Rioting, Protests Against Chavez in Venezuela

Demonstrators hurled rocks and gasoline bombs at soldiers as protests intensified after Venezuela's elections council ruled against an opposition petition to force a presidential recall referendum.

Opponents of President Hugo Chavez (search) say they submitted more than 3.4 million signatures. Some 2.4 million are needed for a recall election.

But council President Francisco Carrasquero (search) announced Tuesday that just 1.83 million signatures were deemed valid. Another 876,016 signatures may be valid — if citizens confirm that they indeed signed the petition, Carrasquero said.

The decision triggered demonstrations by citizens banging pots and pans and exploding fireworks throughout the capital, Caracas, where thousands took to the streets.

Rioting — which began earlier Tuesday as the opposition anticipated the ruling — also was reported in several of Venezuela's most important cities in the hours after the council's decision.

National guard troops in armored personnel carriers rolled through several cities as demonstrators burned tires and threw rocks and gasoline bombs at soldiers. Sporadic gunfire was heard for a second straight night in Caracas.

The local Globovision (search) television channel broadcast footage of several vehicles burning in a parking lot in Caracas' Los Ruices district, where troops fired rubber bullets at protesters who fought back with Molotov cocktails and threw rocks.

Globovision reported that protests continued in eastern city of Puerto La Cruz with troops firing rubber bullets at protesters, who were chanting "He's leaving, he's leaving," referring to Chavez.

Many opposition leaders had said they would not accept a decision requiring voters to confirm their signatures. The measure was allegedly not included in rules established for the verification process, they said.

The council said that voters would have between March 18 and March 22 to report to voting centers to confirm that they indeed had signed the petition.

Venezuela's opposition claims that such a monumental task, involving hundreds of thousands of citizens, would postpone the referendum or derail it entirely.

Protests have forced private banks to shut 20 branch offices, prevented garbage collection, caused traffic jams and hampered transit by emergency vehicles, keeping thousands from work.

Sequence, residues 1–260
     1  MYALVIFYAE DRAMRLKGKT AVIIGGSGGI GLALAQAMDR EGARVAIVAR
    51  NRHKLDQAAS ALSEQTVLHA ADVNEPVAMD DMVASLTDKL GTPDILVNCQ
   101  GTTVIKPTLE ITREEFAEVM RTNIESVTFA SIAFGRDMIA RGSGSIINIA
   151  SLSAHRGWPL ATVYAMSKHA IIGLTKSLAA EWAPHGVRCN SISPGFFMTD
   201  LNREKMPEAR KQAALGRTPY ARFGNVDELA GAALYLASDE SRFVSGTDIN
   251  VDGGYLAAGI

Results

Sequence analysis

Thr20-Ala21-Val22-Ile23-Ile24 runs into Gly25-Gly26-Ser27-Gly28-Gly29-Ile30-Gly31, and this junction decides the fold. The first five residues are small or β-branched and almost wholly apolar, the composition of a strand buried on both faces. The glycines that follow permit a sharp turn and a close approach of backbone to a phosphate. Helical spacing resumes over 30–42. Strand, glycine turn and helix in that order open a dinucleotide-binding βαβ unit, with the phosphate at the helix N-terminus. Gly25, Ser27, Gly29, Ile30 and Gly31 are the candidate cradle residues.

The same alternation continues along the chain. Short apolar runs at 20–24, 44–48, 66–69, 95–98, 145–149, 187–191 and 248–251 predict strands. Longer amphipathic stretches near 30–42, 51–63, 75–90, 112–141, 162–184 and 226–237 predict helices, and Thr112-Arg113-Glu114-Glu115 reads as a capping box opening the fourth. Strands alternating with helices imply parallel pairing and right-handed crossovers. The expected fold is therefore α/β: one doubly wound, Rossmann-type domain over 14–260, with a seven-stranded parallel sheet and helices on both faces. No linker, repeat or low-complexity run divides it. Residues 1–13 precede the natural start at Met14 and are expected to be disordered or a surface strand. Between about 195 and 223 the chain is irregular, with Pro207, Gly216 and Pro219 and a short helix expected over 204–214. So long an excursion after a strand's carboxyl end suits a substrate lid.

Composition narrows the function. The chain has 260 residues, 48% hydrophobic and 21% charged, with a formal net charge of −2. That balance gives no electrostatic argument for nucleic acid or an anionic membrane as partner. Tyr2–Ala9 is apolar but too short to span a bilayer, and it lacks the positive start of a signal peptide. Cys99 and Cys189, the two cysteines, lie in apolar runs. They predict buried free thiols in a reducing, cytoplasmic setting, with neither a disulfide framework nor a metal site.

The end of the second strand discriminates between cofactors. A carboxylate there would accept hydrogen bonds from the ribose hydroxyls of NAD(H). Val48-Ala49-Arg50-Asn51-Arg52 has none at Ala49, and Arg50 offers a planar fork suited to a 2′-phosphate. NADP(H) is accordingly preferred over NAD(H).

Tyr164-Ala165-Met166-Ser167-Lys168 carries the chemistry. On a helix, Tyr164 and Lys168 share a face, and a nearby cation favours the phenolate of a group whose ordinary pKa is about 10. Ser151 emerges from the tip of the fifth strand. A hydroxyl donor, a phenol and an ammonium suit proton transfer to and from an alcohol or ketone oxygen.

Chavez's foes have been blocking traffic throughout Caracas since Friday to protest what they view as a government plot to derail the referendum — their last chance of legally ousting Chavez before the next elections in 2006.

At least one person has been killed and 60 wounded since Friday. Dozens have been arrested.

Chavez's foes say the populist former paratrooper has mismanaged the country and become increasingly autocratic, while his supporters accuse the opposition of trying to mount a coup.

Venezuelans had been waiting since Sunday for the council to release its findings.

Prodded by the Organization of American States (search) and the U.S.-based Carter Center (search), the government and the opposition agreed in May on ground rules for an eventual recall referendum.

The petitions were delivered in December. But electoral authorities continue to delay an announcement on whether the recall effort can go ahead.

If Chavez, who was re-elected to a six-year term in 2000, loses in a referendum held before mid-August, the midway point for his term, new presidential elections must be held. But if he loses in a vote held after mid-August, Vice President Jose Vicente Rangel would take over for the rest of his term.

Opponents fear if that happens, Chavez would merely rule behind his right-hand man for the rest of his term.

The opposition charges the elections council belatedly changed the rules to disqualify hundreds of thousands of signatures. The council says observers were told not to allow voters to simply sign already filled-out forms. But thousands of signatures were delivered that way.

After Tuesday's decision, the OAS and Carter Center — which have said they saw no evidence of fraud — insisted they would ensure everyone who signed for the referendum will have their signature count.

Despite "some discrepancies" with the council decision, especially over placing the burden of proof on citizens being asked to confirm their signatures, the OAS and Carter Center will insist on "an electoral solution" to Venezuela's political crisis, OAS delegate Fernando Jaramillo said.